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VOLUHE 37. NEW SERIES. THE BEDFORD GAZETTE is PUBLISHER EVERY FRIDAY MORNING BY sb. F. iWEYEttS, At the following terms, to w. $1.50 per annum, CASH, in advar.ee. $2.00 " " li paid within the year. $2.10 " " if not paid within the year. g/"Xn subscription taken for less than six months. IT7 = "No paper discontinued until all arrearages are patd, unless at the option of the publisher, it has jleea decided by the United States ,be stoppage of a newspaper without tne payment ot ar rearages, is prima fact* evidence ot lraud and is a luminal offence. Ej-Ths courts have decided that persons are ac countable for the subscription price of newspapers, it Chy take them from the post office,whether 'hey for them, or not. HERE AND TREKE™"" Nelly, my neighbor—Nelly, my pet! What are you thinking of Neil t Isn't it fair to ask, my iass 7 Wouldn't it do to tell 7 taxing out into the far, far west, VVhat do you watch to see 7 Over the Kentish cliff's white crest, iNought but the seabiid seeking her nest, * but the wave in a bright unrest lb out in the west for me. "Willie, the handsome never do well, What is the matter with Will 7 Isn't it fair to ask, my lad 7 Woutdn' it do to teli 7 Oat in Australia working away, Wonders never will end ! Tou ! the idlest dog o* your day, And dandy lounger, i this -rray "Pustian jacket anJ 1 n gray To what does this changed life tend 7 Nelly is waking before the dawn, And a name that is not her own ' is first in sprayer and first in her heart, As she kneels to the Heavenly Tnrone. And Willie—his long day's labor done— Pits on the side of the bill, , And his thoughts go down with the setting sun And the prize of his stiuggle is nearly won. On that evening catm and still. Looking at Nell, and thinking of Will, What is the governing spell 7 1-r't it fair to ask, my friends 7 Wouldn't it do to tell 7 7> ill was a triflet—hope for the best, Nelly was poor—we'll see ! The bird has come back to her rocky nes', 'TL only noon—but the. wave is at rest, Who knows what else may come out of the West! Nelif|r-'---ue Nell ! for thee 7 THE RESTORED- A THRILLING REVOLUTIONARY TALE. God is everywhere. His words are on our hparts. He is on the batttle field or in the peaceful home. Praise be to His hoiy name. It was on the wilds of Wissahicon, on the dzy ot battle, as the noon day sun came through the thickly clustered leaves that two men met in deadly conflict nehr the reefs which rose like the rock ot some primeval world, at least one thousand teet above the dark waters of the Wis sahicon. The man with the.dark, brown face, and dar ker grey eye, flashing with deadly light, and a muscular lorm clad in the blue frock ot the revolution, is a continental named Warren. Tnecther man, with long black hair droop ing along his cadaverous lace, is ciad in hail military custom of a tory refugee. This is a murderer of Paoli, named Dehaney. They met by accident and now they fought, not with sword and rifle, but with long and dead'v hunting knives they struggled; twining and twisting on the gren sward. At last the torv is down, down on the turf, with the kne of the continental upon his breast the upraised knife flashed death in his face. "Quarters! I yield," gasped the tory, as the k iee was pressed, upon his breast, "Spare ine, I yield." "My brother," said the patriot soidier in that <one of a deadly hate, "My brother cried fur quarters on the night of Paoli, and even as he clung to your knees you struck that knife into tis h°art. 0,1 will give you the quarters ol Paoli.'' Ano as his hand was raised for the blow and tits seeth were clenched with {deadly hate, he paused for a moment, then pinioning the tory's arms and with a rapid stride dragged him to the verge of the rocks, and held him quivering over .he abyss. "Mercy !" gasped the tory, turning ashy pale by turns, as that awful gulf yawned below. "Mercy ! I have a wife and a child at home, spare me." rhe continental with his muscular strength gathered for the eflurt, shook the murderer once more over the abyss, and then hissed this bitter sneer in his face. "My brother had a wife and two children. The morning after the night of Paoli that wile was a widow, those children were orphans. Would you not tike to go and beg your life ol widow and her orphans !" The proposal made by the continental in mockery and bitter hate, was taken in serious uest by the terror-stricken tory. He begged ' oe taken to the widow and her children, and '• e th? privilege of begging his tile. At- ;• moment's curious thought, the patriot sol r ~®nted. He bound the tory's arm still , piaced him on the rocks again, and led ...i to the woods. A quiet cottage, embossed among trees, broke on their eyes. They en tered the cottage. There, beside the desolate fiearth-sruoe, sat the widowiand children. She sat mere, a matronly woman of ebout 23 vears, With a face laded by care, a deep dark > .-v. ar.u lone black hair hanging in a dishevel-! Ed j.au- about her shoulders. On one side was a dark-haired boy of some six years, on the o- i • her oide a girl one year younger, with light j'je eyes. The bible—an old and venerablu I volume—lay open upon the mother's knee..— ! And now the pale laced tory flung himself up on his knees and confessed he had butchered her i husband on the night of Paoli, anJ begged his j life at her hands. | "Spare ine for the sake ol my wife—child" j He had expected this pitilul moan would ; touch the widow's heart, but not one relenting gleam softened her face. •'The Lord shall judge between us," she said iin a cold icy tone that froze the murderers I heart. "Look, the Bible is in ray lap ; I will close the volume, and this boy shall open it, and place his Angers at random upon a line and | by that you shall live or die." j This was a strange proposal, made in good i faith of a wild and dark superstition of olden • times. For a moment the tory, pale as ashes, . was wrapped in deep thought—then in a taint ing voice he signified his consent. Raising her dark "yes to heaven, the mother i prayed to the Great Father to direct the finder !of her son. She closed the book—she handed ! it to that boy whose cheek reddened with loath ing as he gazed upon his latiier'3 murderer.— He took the Bible opened its holy pages at ran ; dum, and placed his finger upon a verse. I There was a silence. The continental ol i dier, who had a sword to avenge his brother's j death, stood with dilating eyes and parted tips. , Tne culprit kneeling upon the tioor, with his : face like discolored clay, felt his fhevrt leap to ; his throat. j Then in a clear, bold voice, the widow read : this line from the Old Testament. It was short, fyet terrible : i "Thai man shall (lie !' j Look ! the brother springs forward to plunge a knife in the murderer's heart; but the tory, j pinioned as he is, clings to the widow's knees. I He b j gs '.hat one mure trial may be made by \ the little girl, that child of five years oid, .vitn ■ goiden hair and iaughiog eyes, j The widow consents. There is an awful pause. With a smile in her eye, without j knowing what she was doing, the little girl ; opens the Bible as it lay on.her mother's knee ; > i she turned her face away and placed her finger ! j upon a line. The awful silence grows deeper. The deep J drawn breaths of the brother, and broken gasp jot the murderer, alone disturb the stillness ; the I widow and dark haired boy were breathless. < The little girl as she caught a feeling of awe from those about her, stood breathless, her face turned aside, and her tiny fingers resting on the lines of lilt and death. At length gathering courage, the widow , bent her eye upon the page ]and read, it was j a line from the New Testament : ! "Love your enemies." Oh, book of terrible majesty and childlike love—jof.NUblinury that crushes the heart \A-ith rapture, you never shone more strongly than there in that lonely cot of the Wissahicon when you saved the muiderer's heart. Now look how wonder tut are the ways of heavn. That very night as the widow sal |by her fireside— sat there with a crushed heart ! and hot-eyelids, thinking of her husband who | now lay mouldering in the drenched soil of i Paoli—there'was a tap at the door- She | opened it, and that husband living, though ; covered with wounds was in her arms. | He had fallen at Paoii, but not in death ;he | was alive, and his wife lay panting on his bo som/ That night there was a prayer in the wood I embowered cottage of Wissahicon. IS TP I Til STItOXGE H I'll A X FICTION j A Yankee pedler, who had stopped in aj cof ! fee house to refresh himself one hot day, says I the Yankee Blade, heard a very strange old gen : tleman remark, in answer to a friend who had j been relating some marvelous story said to be j true, "truly, truth is stronger than fiction. So i Jonathan, stepping up and slapping the aston j ished gent on the back said : "You're mistaken right thar, old 'hoss, 'taint J so, and to prove it I'll wager you juleps lor the ciowd that I can tell one fiction that'll just go ahead ot any truth that you heard tell on." "Good," said the old gentleman, "I'd like to hear any fiction that can go ahead ot Christo pher Columbus." "Pshaw ! Christopher Columbus ain't a cir cumstance," said Jonathan ; but here goes : "Onst I was standing by a big river, out in Sa hary desert that was dried up. The shone sun so all-fired hot, that I was obliged to tie my hand kerchief over my eyes to keep them from bein' blinded ; and as I was standin' thar I happened j to look down the..iver and seed a big boa*, with ! out any bottom come floatin' op stream, with a hull lot ot fellers on her ; one ot 'em had no ' eyes, tother no arms, another no legs, and the j last chap in the slarn of the boat had had no mouth ! Gosh ! I never seed such a sight be fore ; I was scared like blazes,- and jest stood I iookin' at 'em. Presently the chap as had no | eyes looked down and see a ten cent piece at [ the bottom of the river and the feller who had no arms beet over and picked it up, then han ded it to the ctiap who had no legs, and he jumped out of the boat and waded to shore, went to a grog shop that wasn't .there, bot a pint ol whiskey and handed it to the fetter who had no mouth and he drank it up ; and all the rest got drunk, and the last I seed of 'em the ftller what had no mouth was singing Hall Co lumbia; while the chap what had no legs was dancin ; the no-eyed sliap was readin' a text on the psalm book, and the feller what had no arms was clapping his hands and waving his hat like blazes, and I left just about that time!" "Juleps for the crowd, and charge to me V' roared the old gentleman, as he bolted out of the back door ! Alexander Hamilton Stephens was born on the 11th ol February, 1812, and was conse quently 49 years of age on the day he took the oath as first Vice Piesident ot the Confederate States of America. BEDFORD, PA, FRIDAY MORNING, MARCH 1,1861. NEW YORKERS ELEVEN YEARS CAP TIVE AMONG THE SNAKE INDIANS. On Saturday morning the Western train brought to this city a man and woman who re lated a story that, it true (and there is no rea son to doubt it,) has few equajs even in Fiance. The persons were husband and wife, their name Kimball, and they formerly resided in the neighborhood of Syracuse, N. Y. Their story was substantial ly as follows : In 184-8, in company with a party of sixty three, the Kimballs started for California by the overland route. In the party was their father, and old man, and three sisters. They passed on westward in the usual manner with out accident until the 17th cfav of July. |They were then on the plains, tar from anv settle ment, and as they were pursuing their way were suddenly surprised by a large party of Indians. The little party was immediately pui in as good condition for defense as the time would permit—the females being placed in the center. Down came the Indians like a whirl wind, but they met a resistance as obstinate as | desperation could produce. The white men , fought for their wives, and fought nobly—so I well, indeed, that when tiie contest was ended, ; thete were of the party ot sixty-three but thir teen left, including men and women. The In- j ; dians took what plunder they wantpd, tied the j prisoners in pairs, and continued their ram bling expedition. The next day they halted j and prepared to dispose of their prisoners. The old man Kimball was made to "run tiip gauntlet" for his life. He was 100 feeble' for escape, and, wounded and completely ex- ! hausted, was tied to a stake and burned. The younger Kimball was then brought to the des- j perate trial. He was strong and active, and ; successfully underwent the ordeal. The In-' dians pleased with his prowess, allowed him j to make a second trial for the iife of anv fe- j male he might choose. The poor man was al- j most in despair ; his wife and three sisters were j sitting on 'he ground, and he was called upon j to choose the one he would save, with the cer- j tainty that death by torture would be the fate of the others. He chose his wife and saved her. The Indians murdered his sisters in his presence. It was a poor privilege he had so dearly bought. They were obliged to perform; menial duties for their captors, and the woman ! was often treated with brutality. Following! he Indians from place to place without an op- j portunity to escape, they lived till 1859, when j their party met a United States surveying com- i pany. Kimball toll his story to the whites,l and one of them an old resident in the coun- ; try, ollered his aid in affecting their escape.— The offer was gladly accepted, and the attempt,. after many months of intense suffering, vvaj' successful- , Kimball and his wife reached this city on Saturday without money. The railroad au thorities had passed them thus lar on their journey. Depot otlicer Clark Warren took them HI charge, cared for them during the day, j and the officers of the C. &. E. Rd. passed them over the road on the afernoon train. A large number visited them in the fitting room at the i depot, and listened to their story. .Mrs. Kim ball exhibited a mark on her forehead, made by a blow from an Indian war club. One of her ; arms *vas broken in the same manner. Her j feet was so calloused, anil the soles were as as hard as the sole of a shoe. There were various other indications that their story was strictly true, and none who heard them doubted it. They have "friends in New York who have doubtless loog supposed them dead. DOMESTIC ETIQUETTE Some of our exchanges are comparing notes on file eliquefte of different localities in the em ployment ot girls to do the work of the house hold. The rules that govern this important branch of service vary somewhat in different degrees of longitude. The .Milwaukee Senti-' nel says : "When a girl is hired in Milwaukee, one of the conditions is that she can have all the lovers she wants ; that they can have the eating and drinking of the kitchen ad libitum ; that she can go to balls three nights in a week, and have kitchen receptions the other nights; and that she shall have unrestricted access to all the bureaus and trunks in the house, with- J out being subjected to the vulgar suspicion of j being considered a thief." The Buffalo Commercial says : "In Buffalo, ! the night key and key to the wine cellar are \ understood to be often points of dispute between \ the ladv and her help, and one domestic actu-1 ally resigned because plates spoon were in use j in the kitchen." Here, in Rochester, it is a coudition of em ployment that the mistress of the house shall I Oe up early, and ready to attend to the calls of | the milkman, the bather, and the baker, as the < girl cannot be suitably dressed to appear at the I door in the presence of these important pur- ; veyors to the larder. A FASHIONABLE CALL, AND ALL THEY SAID. ' "How do you do, my dear ?" "Putty well, thank you." [They kiss.] j "How have you been this age 1" "Very well, thank you." "Pleasant to-day." "Yes, very bright—but we had a shower yesterday." "Are ail your people well ?" "Quite well, thank you ; how are yours 1" j "Very well, I am obliged to you." "Have you seen Alary B lately ?" "No, but I've seen Susan G." "You don't say so. Is she well ?" "Very well, I believe." [Rising.] "Do call again soon." "Thank you—l should be [pleased to come, but you don't call on me once in an age." "Oh, you should not say that, I am sure I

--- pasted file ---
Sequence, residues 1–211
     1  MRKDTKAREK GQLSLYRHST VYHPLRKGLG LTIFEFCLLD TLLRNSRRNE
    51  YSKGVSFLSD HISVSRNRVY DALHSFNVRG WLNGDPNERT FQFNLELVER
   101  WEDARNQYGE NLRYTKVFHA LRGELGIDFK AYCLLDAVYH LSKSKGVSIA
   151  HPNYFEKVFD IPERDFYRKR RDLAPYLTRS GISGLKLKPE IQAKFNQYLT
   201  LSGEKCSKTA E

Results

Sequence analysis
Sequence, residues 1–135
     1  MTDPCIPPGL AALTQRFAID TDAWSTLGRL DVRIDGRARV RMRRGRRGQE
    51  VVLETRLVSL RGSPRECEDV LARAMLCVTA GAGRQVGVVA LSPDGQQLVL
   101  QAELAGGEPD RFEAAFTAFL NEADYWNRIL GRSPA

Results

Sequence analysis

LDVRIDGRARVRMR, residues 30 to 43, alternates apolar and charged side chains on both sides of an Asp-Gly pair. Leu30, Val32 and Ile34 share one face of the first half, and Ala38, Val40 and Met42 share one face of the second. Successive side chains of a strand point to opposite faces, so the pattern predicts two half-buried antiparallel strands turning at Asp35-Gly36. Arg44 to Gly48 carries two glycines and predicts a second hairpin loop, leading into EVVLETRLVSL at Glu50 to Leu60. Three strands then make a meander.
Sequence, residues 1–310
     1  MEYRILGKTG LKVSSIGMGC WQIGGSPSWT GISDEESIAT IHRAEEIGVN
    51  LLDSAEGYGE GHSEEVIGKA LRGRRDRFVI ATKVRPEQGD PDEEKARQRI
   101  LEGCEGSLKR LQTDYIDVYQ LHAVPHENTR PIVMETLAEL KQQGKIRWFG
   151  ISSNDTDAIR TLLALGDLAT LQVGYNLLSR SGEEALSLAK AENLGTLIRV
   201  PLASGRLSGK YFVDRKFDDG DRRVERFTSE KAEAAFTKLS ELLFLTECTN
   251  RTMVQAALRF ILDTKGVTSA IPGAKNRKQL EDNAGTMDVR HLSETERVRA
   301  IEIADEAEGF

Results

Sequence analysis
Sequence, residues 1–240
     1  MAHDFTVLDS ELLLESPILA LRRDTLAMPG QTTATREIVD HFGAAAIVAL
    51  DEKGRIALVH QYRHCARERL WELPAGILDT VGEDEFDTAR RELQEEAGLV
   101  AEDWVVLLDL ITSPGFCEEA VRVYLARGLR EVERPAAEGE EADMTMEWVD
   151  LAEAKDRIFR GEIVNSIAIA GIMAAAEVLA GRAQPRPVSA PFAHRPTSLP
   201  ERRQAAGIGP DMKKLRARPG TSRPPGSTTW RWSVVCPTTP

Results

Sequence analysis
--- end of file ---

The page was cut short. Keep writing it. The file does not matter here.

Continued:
am very good." "Good day." "Must you go !" • Yes, indeed; I have seven calls to make. "Good day." Freedom of Thought and Opinion. j Who SAW THE STEER —The richest thing iol the season, it we except some of the follies |of secession, says the Newburyport Herald, , came off" the other day in the (neighborhood ol the market. The greenest Jonathan imagina j ble, deeded out in a slouched hat, a long nlue f rock, and a pair ot big asgondo ! las, with a huge whip under his arm, stalked ! into a oiHiard saloon, where half a dozen per j sans were improving the time in trundling rountf the ivories,—and after recovering from j hi&ftrst surprise as to him the t singular aspect of the room, inquired it "any of 'em had seen a stray steer," affirming that "the blackest crit . ter got away as he came through town with I his drove t'other day, and hadn't seen not'in' i him since." The bloods denied all knowl edge of the animal in question, and with much ; sly Thinking at each otner, proceeded to con \ dote with him on his loss in the most heartfelt manner. He watched the game with much in- terest, as he had evidently never seen nor heard of anything of the kind belore, and ! created much amusement by his demonstration of applause when a good shot made—"Jerusa lem !" being a favorite interjection. At last he made bold to leauest the privilege ol trying hjs skill, when he set the crowd in a roar by ; hislwkward movement. However he gradual ly got his hand in, and played as well as could be expected for a greenhorn. All hands now began to praise him, which so elated him that ; he actually began to think himself a second Phelon, and he offered to bet a dollar with his opponent, which of course he lost. The loss i and the laugh so irritated him that he offered to play anotner game aod bet two dollars, wQich he pulled out of a big roll, for it seems hie' cattle had sold well, and he was quite flush. This bet he also lost, as the fool might have known he would, when mad as a March hare, he pulled out a tilty spot, the largest bill he ; had, and offered to bet that on another game. , The crowd mustered around and raised tntiney | enough to cover it, and at it they went again, when, bv some strange turn ot lurk, greeny won. He now offered to put up the hundred he had won against another hundred. Of Ourse he could not blunder into another game, they could now win back what tbey lost, : and fleece tne fellow of his own roll besides. 1 1 hey sent out for a lamqos player, happened | to have money enough to bet with, and another game was played, which Jonathan also won. Another hundred was also raised, and bel, and won ; and it was not until he had blundered | through half a dozen games, and by name un accountable run of luck won them all. draining the pockets of his opponents of about four hun , dreij dollars,that they began to smelt a very i iaigl "mice." kVht everybody got tired of gawky pofted his frock on over his his whip UHder his arm, and walked quietly out, turning rouod at the door and re marking, "Gentlemen, il yon should happen to see anything of that steer, I wish you'd just : let me know." At last accounts they had not ! seen the steer , but they come to the conclusion I that they had seen the elephant. COULDN'T SPELL CAT. Dr M —, an army surgeon during the • American war, was my fond of a joke, (if not perpetrated at his expense,) and had moreover a great contempt for citizen soldiers, who Were more renowned for their courage than their scholarship. One day, after mess, the decanter had perfor med sundry preambulalions of the table, Cap taiu S , a brave and accomplished officer, . and a very great wag, remarked to the Doctor, : who had been somewhat severe in his remarks j on the literary deficiencies of some of the new ' officers said, "Dr. M , are you acquainted with Captain G ?" "Ves, I know him well," replied the doc tor, "he is one of the new set. But what of ! him 1" "Nothing in particular," replied Capt, S., "1 iiavejust received from him a letter, and I'll wager you a dozen of old port that you cannot ; guess in six guesses how he spells CAT." j "Done, it's a wager," said the doctor. "Well, commeiic? guessing," said S. "K-a double t" "No." <l Kate." j "No." i "Catte." j "No." ! "Catt." | "No." i "Katt." "No, that's not the way, try again—it's the i last guess." ! "Caught." "No," said S., you ate wrong again and you J have lost your wager." "Well," said the doctor, with much petu j lance of manner, "how the deuce uoes he spell I it V, "Why, he spells it C-A-T," replied he, with 1 the utmost gravity. ! Amidst the roar of the mess,and almost chc^j king with rage, the doctor immediately jumped j to his feet, exclaiming : "Captain S., I am too old a man to be trifled tvith in this manner." TAKE BACK THE BEAKD. —A Highlander, who : sold brocms, weut into a barber shop in Glas | gow, to get shaved. The barber bought one of j his brooms, and after having shaved him asked the price of i. "Tippence," said the Highlan der. "No, no," said the shaver ; "I'll give you a penuy, and if that doe 9 not satisfy you, j take your broon again," The Highlander took j it, and asked what he had to pay. A penny," said strap. "I'll gie ye a banbeo," said Dun can ; "and if that dinna satisfy ye, put on my beard again." !CF"The arm of a pretty girl, wound tight a round your neck, has been discovered to be an ; infallible remedy in case dt sore throat. It v beats pepper tea all hollow. i f TAKING HE ROPE.— "Bones, why didn't you come and see me the other day, when I sent for you I" "Why, I didr/t know dat you sent for me Julius." "Why, I sent you a note to call and see me." "Where was you stopping, Julius at de House, or round town on the punches V I "No, Bones, I was stopping in jail." "You warn't dar was you, Julius 1" ♦•Yes, Bones, I am soirj- to say I was." ♦'What did you get put in dar for. Julius." "Oh, a mere trifle, bones." "Oh, you stold a trifle, eh ?" "No, no—l said a mere trifle.'* "Oh, yes I What did you do, Julius ?" "Why, f borrowed some money from a man that's all Bones." "f golly, Julius do they put you in jail for borrow-to' money, now 1" "Yes, Bones." "Oh, I am scared ! den I'll get in for life Ju lius." "No, I'll fell you how it was, Bones. You see I had to knock the man down three or four times before he would lend it to me." "Oh, yes, I see. VVhat was de number of your room ?" "Number seven. Bones." "Did you hear a noise in number eight !" "I think 1 did." "Dat w as me." ♦*Ha ha, then you were in, too." "\es t was in dar, Julius." "VVhat was you in dar for, Bones 1" "1 done notin, too." "But you must have done something or you would not have got in." "Well, I just took a little piece ob rope, a | bout a foot long." "A piece of rope a loot long V* "Yes." "Well, what was there on the end ol it ? "Why, dar was a little knot on de end ob it, Julius." * L* "Y'es, but what was there-tin the other end, Bones 7" "O yes. Why dar was ai grate big Gray* Horse on de oder end Julius." "Ah, then & it was for taking the horse.— Bones, and not the rope, that you were put in jail." "Oh, no, I didn't cake the how, . Julius : I took de rope, at.d de hoss came right along wid de rope." CF"A good story is told of a Washington County man, who On his way to Cincinnati be come somewhat elevated b? sundry "drinks" but as good*l uck would have it, found a boat at the wharf and was quickly on his way. Soon after leaving the w-h+rt, a man came round for his fare." HornrtMwnded out a five | (ioilar bill, and received four dollars and nine ty five cents in change. He rammed it into his pocket-book with great eagerness, t suppo sing the clerk had made a mistake. That done he leaned back into his chair and fell asleep.— A little while and he wa9 plucked awake by the same man, who again demanded fare. "Discovered the mistake," though he, hold-ng out a handful ot change. The man, as before, took only five cents, and Horrall again went in to a doze. Ere he hac got fairly to dreaming of home and friends !*• away, around'came the collector again, and '. it , >t went on for a long time. At la'.i Horrall though* it very inconvenient and conclu. Ed to vote the collector a nuisance, and give hii. a bit of advice besides : so, said he : "Is (hie) fhais a da-n-ger (hie) cus bo (hie) beat 1" V "By no means," said the man. "Bran new." Then, by gummy, (hie) why do (hie) don" you collect ali the 're a' once—not bother a fe! (hie) helles for k every mile as it (hie) comes due ?" "Cincin (hie) hinna'i," said Horrall. "Cincinnati, ' said the polite conductor ; ♦'why, you must out ot your reckining. This is the ferry-boat, 'and all this altermwn ynu have been riding to and fro between New Albany and Portland. That night Horrall staid in Louisville. BEAUTIPUL ANSWERS.—A pupil of the Abbe Sicoid gave the following extraordinary ans wers : "What is gratitude ?" "Giatitude is the memory of tne heart" "VVhat is hope ?" "Hope is the blossom ofhappiness." ♦-VVhat is the differhnce belweek hope and i desire 1" "Desire is a tree|in leaf, hope is a tree in flower, and enjoyment is a tree in fruit. "VVhat is eternity 7" "A day without yesterday or to-morrow, a line that has no end." "What is time V' "A line that has two ends, a path which be gins in the cradle and ends in the grave." "VVhat is God V' "The necessary being, the sun of eternity, the machinist of nature, the eye of justice, the watch maker of the Universe", the soul of the world." "Does God reason ?" "Man reasc-i- because he doubts ; he deliber ates, he decide.-. God is omniscient ; He never doubts, He therefore never reasons." A SHOCKING BAD MEMORY.— "Mary r.y love do you remember the text this jmorning ? ♦'No, papa, I never can remember the text, I've such a bad memory." "Mary," said her mother, "did you notice i Susan Brown V' "Oh, yes! VVhat a fright! She had on her last year's bonnet done up, a p-a green silk, a black lace mantilla, brown gaiters, an imitation Honiton collar, a lava bracelet, her old ear i drops and such a fan ! Forlorn !" WHOLE NUMBER BRILLIANT WDM/V.—. "She's too brilliant to* me," exclaimed a friend, whom we introduced to a very attractive young lady. '•Too brilliant ?" we echoed, inquiringly. "Y p s, the woman that shmea so much can be fit for little else in this world of dull utili ly-'\ Was he right ? Do men, as a general rule, lear, ;:i well as admire, brilliant women f Are th y content to bask in their brightness, hit not wish to possess 'them 1 If so, lad*?, there is in this truth deep matter for your serious consideration. A woman rnav be intellectual enough to sparkle like a diamond. But, alter all' not withsianding diamonds are pietty things to wear in public, tin y are of little use 'in the house ! They may create envy in the breast of a neigh bor, but will they awaken an) hones', love in one worthy heart 1 They may be effulgent in the ball-room, but will they light up with sm es the domestic circle? Can vou put'a diamond to any of the common, but necessary uses of the household ? Will you not have to exchange it lor vulgar six-pences and cents before you can make it avar.'able in buying bread. WHAT HE WOULD DO. — The man that will take a newspaper for a length of time, and send it back "refused" and unpaid lor, would swal low a blind dog's dinner, and then stone the dog Ipr being bliud.— Exchange. He would do worse thao that. He would marry a girl on trial and send her back lo her lather at the end ol the honey-moon with the words—"don't suit" chalked on her back. /- ron City. He would do worse than that. He would steal the chalk to write it with, after which he would use it on his shirt to save the expense ot washing, and then sue his wile's father lor her month's boarding.— Advertiser. Worse yet. He'd cbase a sick rat ten miles over a corduroy road, and institute a post mor tem examination aftvr be caught him, in order to recover a stolen grain of corn. Os"A0 s "A Georgia negro was riding a mule aloDg and came to a bridge, when the mule stopped. "I'll bet a quarter," said Jack, "I'll make you go ober tnis bridge," and with that struck the mule over the ears, which made him nod his head suddenly. "You take the bet, den, said the negro, and he contrived the mule to get stubborn over the bridge. "1 won dat quarter, anybow, taid Jack. "But bow'll you get your money ?" said a man who had been clove by, unperc*ived. "To-morrow" said Jack, "matra gib me a dollar to get corn for de mule, and I'll take de quarter out." 35 s "A young lad in one of the districts of this State, had progressed with |his "eddyka tion," under the guidance of a Yankee school master, as tar words oi five letters. While under drill, one day he came to the word pipe." "What does that spe V' said the dominie. "Couldn't tell." "Try it again." "P-i-p-e." Still he couldn't pronounce it. "What do peoplejsmoke f" Mid Ihe master. The boy made no answer, 'ut, with a brightened countenance comments ' once more. "P-i-p-e—cigar!" (EF-"Say, Bob, did you ever go the geld minea ?" "Why, to be sure I did. What makes von ax ?" "What did you dig." "O, well, as to that, I dug out mysell as soon as directly." 05 s *A Connecticut erhoolmaster asked a lad from Newport, "how many Gods are there ?" The boy, after scratching his bead some time, replied, "i don't know how maoy you have in Connecticut, but we have none* in Rhode Is'and." [CP*A so'dier who was once woonded in a battle, set up a terrible bellowing. An Irish man, who laid near, with both legs shot off, im mediately sung out—"Bad luck to the likes of ye—do you ye think that nobody is kilt but yourseji V* LOOKS WELL.— To see young men go to Church every Sabbath evening, give their undi vided attention to the remarks of the preacher, remain in Church until dismissed, aod then go right home without stopping at the door. "If there is any body uuder the canister of heaven that I have in utter excresence," said Mrs. Partington, "it is the slanderer, going a bout like a boa constrictor, circulating his cal omel among honest folks." OCP"A wag said ;"I love mv wife at first.— For the first two months I felt as if I could eat her up ; ever since I have been sorry I didn't. MR. LINCOLN'S BIRTHDAY.— The President elect was born on the 12th ot February, 1809, and is therefore filtv-two years of age, and io the vigorous maturity of life. tailor being reproached by a silly fel low as only the ninth part, of a man, retorted by saying : Still, I am better of! than you ; lor a fool is no part of man at all." jtersons can be evervwhpre at home ; others can sit musingly at home; other* can sit musingly at home and be everywhere. dP I "An Irihmun says-he is "alther going out to Caiiforr.y in the next vessel. He has re ceived an anopymous letter, signed by Haifa dozen ol bis countrymen there, requesting him to come out to the land of yellow boys." (IP" The most direct method of determining horse power—Stand behind and tickle his bind I legs with a briar. VOL 4. NO. 29.